3. Brandling-Bennett HA, Capaldi LA, Gilchrest BA, Geller AC. Improving skin cancer prevention and detection education in US medical schools. Arch Dermatol. 142:524-526, 2006.
  4. Marwaha V, Chen YH, Helms E, Arad S, Inoue H, Bord E, Kishore R, Der Sarkissian R, Gilchrest BA. T-oligo treatment decreases constitutive and UVB-induced COX-2 levels through P53-and NFkappa Bdependent repression of the COX-2 promoter. J Biol Chem 280:32379-32388, 2005.
  5. Park HY, Wu H, Kiloran C, Gilchrest BA. The receptor for activated C-kinase-I (RACK-I) anchors activated PKC-β on melanosomes. J Cell Sci 117:3659-68, 2004.
  6. Goukassian DA, Helms E, van Steeg H, van Oostrom C, Bhawan J, Gilchrest BA. Topical DNA oligonucleotide therapy reduces UV-induced mutations and photocarcinogenesis in hairless mice. Proc Natl Acad Sci (USA). 101:3933-3938, 2004.
  7. Li GZ, Eller MS, Firoozabadi R, Gilchrest BA. Evidence that exposure of the telomere 3′ overhang sequence induces senescence. Proc Natl Acad Sci (USA) 100:527-531, 2003.
  8. Geller AC, Emmons K, Brooks DR, Zhang Z, Powers C, Koh HK, Sober AJ, Miller DR, Li F, Haluska F, Gilchrest BA. Skin cancer prevention and detection practices among siblings of patients with melanoma. J Am Acad Dermatol. 49:631-638, 2003.
  9. Geller AC, Sober AJ, Zhang Z, Miller DR, Brooks DR, Halpern A, Gilchrest BA. Strategies to improve melanoma education and screening for men 50 years of age and older: Findings from the American Academy of Dermatology National Skin Cancer Screening Program. Cancer 95:1554-1561, 2002.
  10. Geller AC, Miller DR, Annas GD, Demierre MF, Gilchrest BA, Koh HK. Melanoma incidence and mortality among US whites, 1969-1999. JAMA 288:1719-1720, 2002.
  11. Yaar M, Zhai S, Fine RE, Eisenhaurer PB, Arble BL, Stewart KB, Gilchrest BA. Amyloid beta binds trimers as well as monomers of the 75-kDa neurotrophin receptor and activates receptor signaling. J Biol Chem 277:7720-7725, 2002.
  12. Park HY, Perez JM, Laursen R, Gilchrest BA. Protein kinase C-β activates tyrosinase by phosphorylating serine residues in its cytoplasmic domain. J Biol Chem 274:16470-16478, 1999.
  13. Gilchrest BA. Anti-sunshine vitamin A. Nature Med 5:376-377, 1999. Gilchrest BA, Eller MS, Geller AN, Yaar M. Pathogenesis of melanoma induced by ultraviolet light. N Eng J Med 340:1341-1348, 1999.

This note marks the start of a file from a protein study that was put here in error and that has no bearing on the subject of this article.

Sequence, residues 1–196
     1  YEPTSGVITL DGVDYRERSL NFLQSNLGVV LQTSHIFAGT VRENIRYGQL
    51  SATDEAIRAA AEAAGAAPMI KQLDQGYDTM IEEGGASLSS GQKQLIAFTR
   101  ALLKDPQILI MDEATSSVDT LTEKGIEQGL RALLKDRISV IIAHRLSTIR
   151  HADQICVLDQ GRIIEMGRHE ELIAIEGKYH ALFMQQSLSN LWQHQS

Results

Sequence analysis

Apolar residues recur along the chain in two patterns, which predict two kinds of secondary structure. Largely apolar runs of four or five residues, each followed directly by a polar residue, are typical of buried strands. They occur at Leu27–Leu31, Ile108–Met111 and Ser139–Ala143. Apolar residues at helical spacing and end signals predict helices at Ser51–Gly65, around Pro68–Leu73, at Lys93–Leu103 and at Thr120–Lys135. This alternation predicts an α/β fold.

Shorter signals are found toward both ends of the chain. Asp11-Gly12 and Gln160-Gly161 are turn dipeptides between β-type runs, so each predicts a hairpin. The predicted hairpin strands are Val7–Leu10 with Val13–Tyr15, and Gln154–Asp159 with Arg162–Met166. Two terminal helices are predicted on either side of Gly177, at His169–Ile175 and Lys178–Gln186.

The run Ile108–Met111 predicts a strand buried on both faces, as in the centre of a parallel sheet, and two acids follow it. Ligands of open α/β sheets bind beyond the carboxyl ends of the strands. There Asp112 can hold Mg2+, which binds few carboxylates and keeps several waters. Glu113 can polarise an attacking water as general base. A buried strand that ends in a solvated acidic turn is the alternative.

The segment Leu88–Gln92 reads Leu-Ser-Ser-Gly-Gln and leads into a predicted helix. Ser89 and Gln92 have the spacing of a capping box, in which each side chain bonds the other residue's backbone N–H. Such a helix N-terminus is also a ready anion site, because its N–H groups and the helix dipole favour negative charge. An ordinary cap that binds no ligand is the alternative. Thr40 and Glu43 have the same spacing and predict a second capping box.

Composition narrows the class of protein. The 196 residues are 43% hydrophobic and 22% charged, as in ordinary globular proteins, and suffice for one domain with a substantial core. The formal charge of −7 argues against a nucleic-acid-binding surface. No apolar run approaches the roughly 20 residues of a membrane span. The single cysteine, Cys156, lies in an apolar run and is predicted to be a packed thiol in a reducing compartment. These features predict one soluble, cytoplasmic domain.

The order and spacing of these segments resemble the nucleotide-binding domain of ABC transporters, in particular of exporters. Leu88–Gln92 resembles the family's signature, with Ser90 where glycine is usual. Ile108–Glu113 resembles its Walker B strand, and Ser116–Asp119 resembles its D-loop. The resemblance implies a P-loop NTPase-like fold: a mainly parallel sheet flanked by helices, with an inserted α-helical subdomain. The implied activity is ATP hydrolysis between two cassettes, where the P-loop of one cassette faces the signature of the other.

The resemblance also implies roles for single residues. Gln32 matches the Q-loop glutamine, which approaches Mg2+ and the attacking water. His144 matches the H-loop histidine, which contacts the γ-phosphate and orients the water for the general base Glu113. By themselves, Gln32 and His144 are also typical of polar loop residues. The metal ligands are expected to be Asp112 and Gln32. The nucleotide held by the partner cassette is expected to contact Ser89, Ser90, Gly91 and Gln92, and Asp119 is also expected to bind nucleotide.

14. Eller MS, Maeda T, Magnoni C, Atwal D, Gilchrest BA. Enhancement of DNA repair in human skin cells by thymidine dinucleotides: Evidence for a p53-mediated mammalian SOS response. Proc Natl Acad Sci USA 94:12627-12632, 1997.
  15. Yaar M, Zhai S, Gilchrest BA. Binding of β-amyloid to the p75 neurotrophin receptor induces apoptosis: a possible mechanism for Alzheimer’s disease. J Clin Invest 100:2333-2340, 1997. Hara M, Masahiko T, Yaar M, Bhawan J, Avila EM, Penner IR, Gilchrest BA. Innervation of melanocytes in human skin. J Exp Med 184:1385-1395, 1996.
  16. Eller MS, Ostrom K, Gilchrest BA. DNA damage enhances melanogenesis. Proc Natl Acad Sci USA 93:1087-1092, 1996.
  17. Brash DE, Gilchrest BA. Wrinkles waiting for Go Do T. Nature 379:300-302, 1996.
  18. Eller MS, Yaar M, Gilchrest BA. DNA damage and melanogenesis. Nature 372:413-414, 1994.
  19. Yaar M, Eller M, DiBenedetto P, Reenstra WR, Zhai S, McQuaid T, Archambault M, Gilchrest BA. The trk family of receptors mediates nerve growth factor and neurotrophin-3 effects in melanocytes. J Clin Invest 94:1550-1562, 1994.
  20. Park HY, Russakovsky V, Ohno S, Gilchrest BA. The β isoform of protein kinase C stimulates human melanogenesis by activating tyrosinase in pigment cells. J Biol Chem 268:11742-11749, 1993.
  21. Gilchrest BA. Sunscreens-A public health opportunity. N Engl J Med 329:1193-1194, 1993.
  22. Tan OT, Sherwood K, Gilchrest BA. Treatment of children with portwine stains using the flashlamppulsed tunable dye laser. New Engl J Med 320:416-421, 1989.
  23. Peacocke M, Yaar M, Mansur CP, Chao MV, Gilchrest BA. Induction of nerve growth factor receptors on cultured human melanocytes. Proc Natl Acad Sci USA 85:5282- 5286,1988.